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While other studies have focused on the adverse affects of black killings, the Lancet study researchers aimed for a better sense of how police violence is felt on a population level months before and after a shooting.
Although President Donald Trump ended his family separation policy, there’s no plans to address the children that have already been taken from their parents. Some advocates have suggested that public genetic testing sites could aid in the process of reuniting families. Meanwhile, there’s profit to be made off the health care needs of those held at the border. And chaos reigns supreme even after the president’s executive order.
Reisa Sperling looks at the ten to fifteen year span before the onset of the disease when patients already have build-up of a protein that is believed to trigger the deterioration of the brain. In other public health news: pancreatic cancer, gout, depression, genetic testing, grandchildren for hire, and more.
Stat looks at the measures to address the nation’s drug epidemic that experts say still don’t go far enough. Meanwhile, the crisis is taking its toll on children and taxing foster systems across the country.
“It’s not like an auto body shop where you fix the dent and everything looks like new. We’re talking about children’s minds,” said Luis H. Zayas, professor of social work and psychiatry at the University of Texas at Austin. “We did the harm; we should be responsible for fixing the damage. But the sad thing for most of these kids is this trauma is likely to go untreated.” Media outlets dive into the mental health toll of President Donald Trump’s family separation policy, as well as the lasting political ramifications it may have in the coming months.
Editorial pages focus on women’s health and other health issues in the news.
Thousands of mental health professionals and physicians have criticized the Trump administration’s “zero-tolerance” policy, which is resulting in migrant children being separated from their parents at immigration facilities.
Editorial pages focus on these and other health issues.
The American Academy of Pediatrics, the American College of Physicians and the American Psychiatric Association have all issued statements against the Trump administration’s new policy. “To pretend that separated children do not grow up with the shrapnel of this traumatic experience embedded in their minds is to disregard everything we know about child development, the brain, and trauma,” reads a separate petition from mental health professionals.
Opinion pages look at these and other health issues.
Media outlets report on news from New York, Iowa, New Hampshire, Ohio, Texas, California, Puerto Rico, Minnesota, Massachusetts, Florida and Illinois.
“We have turned very rapidly into a kind of Wild West of ultrasonic devices, vastly outstripping any kind of evidence-based guidelines for their use,” said Timothy Leighton, an authority on ultrasonic devices. In other public health news: abortion, suicide, salmonella, educational toys and more.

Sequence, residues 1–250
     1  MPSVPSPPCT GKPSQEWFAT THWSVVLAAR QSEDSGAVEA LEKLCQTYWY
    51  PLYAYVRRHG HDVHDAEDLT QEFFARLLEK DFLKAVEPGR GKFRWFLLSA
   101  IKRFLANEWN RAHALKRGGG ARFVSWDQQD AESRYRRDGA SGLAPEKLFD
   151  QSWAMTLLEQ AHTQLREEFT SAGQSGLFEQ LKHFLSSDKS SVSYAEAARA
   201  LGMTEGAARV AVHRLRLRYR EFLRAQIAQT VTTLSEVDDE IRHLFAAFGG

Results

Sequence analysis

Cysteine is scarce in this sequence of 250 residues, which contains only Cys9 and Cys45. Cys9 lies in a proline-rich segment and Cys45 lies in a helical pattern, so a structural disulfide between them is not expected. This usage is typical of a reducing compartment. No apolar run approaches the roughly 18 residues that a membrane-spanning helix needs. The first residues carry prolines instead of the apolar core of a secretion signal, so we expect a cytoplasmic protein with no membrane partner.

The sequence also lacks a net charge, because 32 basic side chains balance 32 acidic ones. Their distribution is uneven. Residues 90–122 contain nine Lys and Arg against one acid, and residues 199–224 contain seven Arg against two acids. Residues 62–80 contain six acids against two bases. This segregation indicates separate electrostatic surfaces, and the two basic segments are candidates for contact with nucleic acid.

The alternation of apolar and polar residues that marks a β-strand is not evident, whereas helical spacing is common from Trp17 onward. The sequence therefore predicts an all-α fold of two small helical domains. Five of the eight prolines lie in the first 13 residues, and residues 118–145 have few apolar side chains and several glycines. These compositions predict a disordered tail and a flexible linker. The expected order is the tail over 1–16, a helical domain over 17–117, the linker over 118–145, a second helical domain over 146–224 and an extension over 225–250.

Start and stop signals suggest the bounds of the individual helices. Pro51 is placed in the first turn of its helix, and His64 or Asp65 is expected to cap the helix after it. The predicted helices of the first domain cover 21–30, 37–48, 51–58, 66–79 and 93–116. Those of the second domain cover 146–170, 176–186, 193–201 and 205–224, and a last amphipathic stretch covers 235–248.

The World Health Organization says that compulsively playing video games now qualifies as a new mental health condition. “It’s going to untie our hands in terms of treatment, in that we’ll be able to treat patients and get reimbursed,” said Dr. Petros Levounis, the chairman of the psychiatry department at Rutgers New Jersey Medical School. Meanwhile, developers are trying to cure our addiction to our smartphones with an app.
Children who are forcibly taken from their parents have demonstrated links to asthma, obesity and cancer, in addition to tendencies toward substance abuse, developmental delays and mental health issues. The Trump administration’s “zero-tolerance policy” of detaining adults attempting to cross into the U.S. has resulted in the division of families traveling with children.
Deleting your DNA footprint isn’t as easy as just deleting your Ancestry.com account. In other public health news: HIV, suicide, bacteria and DNA, and the mysterious illness striking U.S. diplomats.
The Youth Risk Behavior Survey, which is given every two years to nearly 15,000 students in high schools in 39 state, did offer some encouraging trends, suggesting that the overall picture for adolescents is a nuanced one.
Experts talk about the problems that arise around midlife — such as health issues, social isolation and financial stress — that are playing a role in the sharp uptick of suicides the country is seeing in those who are middle-age.
Opinion writers look at these and other health care issues.
The side effect was well known in some of the drugs, but to see it listed on others was a surprise, the study’s authors say. The topic of suicide and depression has been thrust into the spotlight following two celebrity deaths and a startling CDC report last week.
Even as lawmakers gear up to consider a sweeping package of opioid bills, some experts are doubtful the legislation will do enough to address the crisis. However, the bipartisan support for the measures speaks to the fact that lawmakers know it’s a winning topic for the upcoming midterms. Meanwhile, NIH has laid out its $500 million plan to combat the epidemic.